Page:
In The Bible the four longer Books of the four "major" prophets - Isaiah, Jeremiah, Ezekiel and Daniel (as well as Lamentations) - come before the shorter Books named after the twelve "minor" prophets.
The Book of Isaiah is named after a great prophet who lived in Jerusalem in the latter half of the eighth century BC. He is generally regarded as the greatest of the Old Testament prophets with many of the passages in this Book being considered to be amongst the finest in literature.
The Book of Daniel gives a fascinating account of the dreams of King Nebuchadnezzar, Daniel's survival in the lions' den and also the stories of the fiery furnace and the mysterious writing on the wall.
Although shorter, these twelve Books contain some very interesting material. Here is told the story of Jonah and the 3 days he spent inside the whale. The final Book of Malachi (which is also the final Book of the Old Testament) points the way to the coming of Christ and the dawning of a new day.
The first five Books of The New Testament contain the four Gospels and The Book of Acts. The four Gospels each give a different perspective on the life of Jesus Christ, while The Book of Acts records the founding and early history of the Church.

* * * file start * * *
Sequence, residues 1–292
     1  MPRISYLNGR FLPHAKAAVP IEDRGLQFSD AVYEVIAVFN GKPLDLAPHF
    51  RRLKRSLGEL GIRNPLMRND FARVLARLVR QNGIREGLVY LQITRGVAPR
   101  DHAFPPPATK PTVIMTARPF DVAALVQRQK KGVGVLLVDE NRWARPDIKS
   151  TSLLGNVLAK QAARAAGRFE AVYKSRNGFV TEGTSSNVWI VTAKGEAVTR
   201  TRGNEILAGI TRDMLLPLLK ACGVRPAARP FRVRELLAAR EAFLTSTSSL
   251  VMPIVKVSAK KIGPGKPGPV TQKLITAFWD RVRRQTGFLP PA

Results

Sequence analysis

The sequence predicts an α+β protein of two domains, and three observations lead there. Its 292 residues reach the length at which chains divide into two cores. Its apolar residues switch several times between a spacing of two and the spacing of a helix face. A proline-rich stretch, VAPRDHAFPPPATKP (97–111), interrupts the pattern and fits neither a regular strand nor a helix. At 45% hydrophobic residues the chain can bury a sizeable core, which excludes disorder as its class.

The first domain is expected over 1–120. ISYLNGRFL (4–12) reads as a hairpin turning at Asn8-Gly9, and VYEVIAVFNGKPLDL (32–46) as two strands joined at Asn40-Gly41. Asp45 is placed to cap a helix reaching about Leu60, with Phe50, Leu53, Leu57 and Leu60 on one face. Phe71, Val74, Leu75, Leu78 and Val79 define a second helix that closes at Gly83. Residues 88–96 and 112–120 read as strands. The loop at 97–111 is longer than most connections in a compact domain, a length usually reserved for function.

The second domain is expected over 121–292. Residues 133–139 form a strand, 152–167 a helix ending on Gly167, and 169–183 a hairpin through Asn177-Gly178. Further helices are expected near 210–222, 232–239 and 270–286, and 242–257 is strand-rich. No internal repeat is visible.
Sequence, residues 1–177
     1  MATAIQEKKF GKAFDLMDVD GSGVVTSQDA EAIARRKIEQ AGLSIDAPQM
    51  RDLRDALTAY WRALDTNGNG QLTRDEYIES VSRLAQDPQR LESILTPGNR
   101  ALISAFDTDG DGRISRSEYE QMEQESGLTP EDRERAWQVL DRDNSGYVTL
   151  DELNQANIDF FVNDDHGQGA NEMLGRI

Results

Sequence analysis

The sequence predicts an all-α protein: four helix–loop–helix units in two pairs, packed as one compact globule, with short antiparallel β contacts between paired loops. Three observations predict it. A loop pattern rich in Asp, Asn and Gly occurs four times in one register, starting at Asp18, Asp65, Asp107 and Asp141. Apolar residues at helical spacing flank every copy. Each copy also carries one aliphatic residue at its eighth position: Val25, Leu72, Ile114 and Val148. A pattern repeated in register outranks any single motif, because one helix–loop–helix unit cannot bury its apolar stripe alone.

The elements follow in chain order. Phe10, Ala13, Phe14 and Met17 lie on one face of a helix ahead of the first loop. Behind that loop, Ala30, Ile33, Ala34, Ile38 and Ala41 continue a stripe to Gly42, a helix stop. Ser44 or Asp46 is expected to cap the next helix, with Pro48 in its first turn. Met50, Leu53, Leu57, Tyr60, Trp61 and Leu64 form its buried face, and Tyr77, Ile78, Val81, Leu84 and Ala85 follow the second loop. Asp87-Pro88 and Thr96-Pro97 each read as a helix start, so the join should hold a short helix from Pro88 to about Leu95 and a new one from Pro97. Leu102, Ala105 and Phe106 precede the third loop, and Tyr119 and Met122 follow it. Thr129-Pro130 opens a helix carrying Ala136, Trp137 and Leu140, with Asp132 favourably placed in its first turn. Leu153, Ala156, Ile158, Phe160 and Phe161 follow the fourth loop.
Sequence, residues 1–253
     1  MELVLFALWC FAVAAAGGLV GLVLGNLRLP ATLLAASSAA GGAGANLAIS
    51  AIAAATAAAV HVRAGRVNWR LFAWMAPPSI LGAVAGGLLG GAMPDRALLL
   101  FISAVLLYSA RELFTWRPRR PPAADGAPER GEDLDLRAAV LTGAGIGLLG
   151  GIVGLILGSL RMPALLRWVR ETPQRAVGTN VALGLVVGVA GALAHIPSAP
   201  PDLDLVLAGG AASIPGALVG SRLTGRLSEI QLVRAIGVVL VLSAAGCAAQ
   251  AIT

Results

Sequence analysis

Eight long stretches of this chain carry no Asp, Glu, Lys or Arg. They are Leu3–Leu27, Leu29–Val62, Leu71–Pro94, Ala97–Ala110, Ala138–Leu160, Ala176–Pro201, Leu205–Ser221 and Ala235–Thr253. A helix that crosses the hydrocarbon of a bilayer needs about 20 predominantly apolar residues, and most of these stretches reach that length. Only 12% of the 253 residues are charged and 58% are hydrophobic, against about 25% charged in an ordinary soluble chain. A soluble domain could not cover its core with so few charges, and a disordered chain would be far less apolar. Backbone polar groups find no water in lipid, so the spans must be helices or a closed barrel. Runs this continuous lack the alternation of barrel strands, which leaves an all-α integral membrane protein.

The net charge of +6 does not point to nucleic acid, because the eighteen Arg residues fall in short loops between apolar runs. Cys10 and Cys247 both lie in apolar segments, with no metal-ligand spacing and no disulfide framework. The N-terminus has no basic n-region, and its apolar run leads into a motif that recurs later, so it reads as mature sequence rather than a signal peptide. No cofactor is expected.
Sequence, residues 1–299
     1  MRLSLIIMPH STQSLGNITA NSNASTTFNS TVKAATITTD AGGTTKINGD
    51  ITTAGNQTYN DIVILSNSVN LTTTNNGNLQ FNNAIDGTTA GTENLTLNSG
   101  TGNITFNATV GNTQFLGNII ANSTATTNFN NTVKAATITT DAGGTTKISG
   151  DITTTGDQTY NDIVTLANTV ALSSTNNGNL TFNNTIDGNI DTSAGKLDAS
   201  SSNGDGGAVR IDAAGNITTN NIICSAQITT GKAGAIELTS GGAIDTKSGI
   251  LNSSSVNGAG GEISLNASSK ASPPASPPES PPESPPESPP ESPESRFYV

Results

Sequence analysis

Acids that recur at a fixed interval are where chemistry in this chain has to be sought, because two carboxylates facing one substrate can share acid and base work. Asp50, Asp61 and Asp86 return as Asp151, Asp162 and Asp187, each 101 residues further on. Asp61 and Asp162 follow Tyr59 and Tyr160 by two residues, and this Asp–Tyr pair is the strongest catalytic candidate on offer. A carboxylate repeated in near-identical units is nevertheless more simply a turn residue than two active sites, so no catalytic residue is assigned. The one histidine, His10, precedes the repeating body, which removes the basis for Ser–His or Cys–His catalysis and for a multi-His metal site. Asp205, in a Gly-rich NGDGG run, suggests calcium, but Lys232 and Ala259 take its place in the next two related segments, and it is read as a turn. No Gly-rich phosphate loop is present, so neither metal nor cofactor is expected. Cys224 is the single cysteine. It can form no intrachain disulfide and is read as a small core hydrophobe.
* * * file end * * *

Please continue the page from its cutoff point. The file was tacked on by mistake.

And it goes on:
Matthew concentrates on Jesus as the long-awaited Messiah - the Christ foretold by the Old Testament prophets. He has collected much of Jesus' teaching and seems to have arranged it in five main sections. He provides the link between the Old Testament and the New.
is much more action-packed than Matthew. He tells less about what
Jesus taught - more about what Jesus did, who He was and where He
went. Mark best shows Jesus in action, going about proving the truth
of His teaching by showing people first hand the power of God.
Luke gives the most complete life history of Jesus. Chapter 2 is the perfect Christmas story to read to young children and the whole gospel gives a carefully recorded and thorough account of His life. Luke is actually part one of a two part story which continues in The Book of Acts.
John's Gospel is perhaps the greatest of all. Strikingly different from the other three, John's concern above all is to bring out the meaning of what took place. He tells much more than the others do, concerning what Jesus said about Himself. John realized it would be impossible to write down all the things which Jesus did, so he has chosen certain incidents and written them "that ye might believe that Jesus is the Christ, the Son of God; and that believing ye might have life through his name" (John 20:31).